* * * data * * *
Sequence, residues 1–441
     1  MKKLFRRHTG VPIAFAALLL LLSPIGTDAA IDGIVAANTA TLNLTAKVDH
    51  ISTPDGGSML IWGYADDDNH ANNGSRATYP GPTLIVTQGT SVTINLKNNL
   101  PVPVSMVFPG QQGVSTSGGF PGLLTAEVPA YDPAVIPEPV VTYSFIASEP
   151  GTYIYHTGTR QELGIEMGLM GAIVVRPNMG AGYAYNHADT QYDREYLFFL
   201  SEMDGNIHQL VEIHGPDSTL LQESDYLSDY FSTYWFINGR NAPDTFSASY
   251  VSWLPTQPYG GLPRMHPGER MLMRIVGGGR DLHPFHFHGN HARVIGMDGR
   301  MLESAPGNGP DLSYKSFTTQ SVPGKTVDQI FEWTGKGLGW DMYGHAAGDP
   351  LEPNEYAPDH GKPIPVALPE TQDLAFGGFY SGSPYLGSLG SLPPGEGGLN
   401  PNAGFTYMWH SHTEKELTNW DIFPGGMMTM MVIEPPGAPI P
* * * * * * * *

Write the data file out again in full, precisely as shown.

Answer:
Sequence, residues 1–441
     1  MKKLFRRHTG VPIAFAALLL LLSPIGTDAA IDGIVAANTA TLNLTAKVDH
    51  ISTPDGGSML IWGYADDDNH ANNGSRATYP GPTLIVTQGT SVTINLKNNL
   101  PVPVSMVFPG QQGVSTSGGF PGLLTAEVPA YDPAVIPEPV VTYSFIASEP
   151  GTYIYHTGTR QELGIEMGLM GAIVVRPNMG AGYAYNHADT QYDREYLFFL
   201  SEMDGNIHQL VEIHGPDSTL LQESDYLSDY FSTYWFINGR NAPDTFSASY
   251  VSWLPTQPYG GLPRMHPGER MLMRIVGGGR DLHPFHFHGN HARVIGMDGR
   301  MLESAPGNGP DLSYKSFTTQ SVPGKTVDQI FEWTGKGLGW DMYGHAAGDP
   351  LEPNEYAPDH GKPIPVALPE TQDLAFGGFY SGSPYLGSLG SLPPGEGGLN
   401  PNAGFTYMWH SHTEKELTNW DIFPGGMMTM MVIEPPGAPI P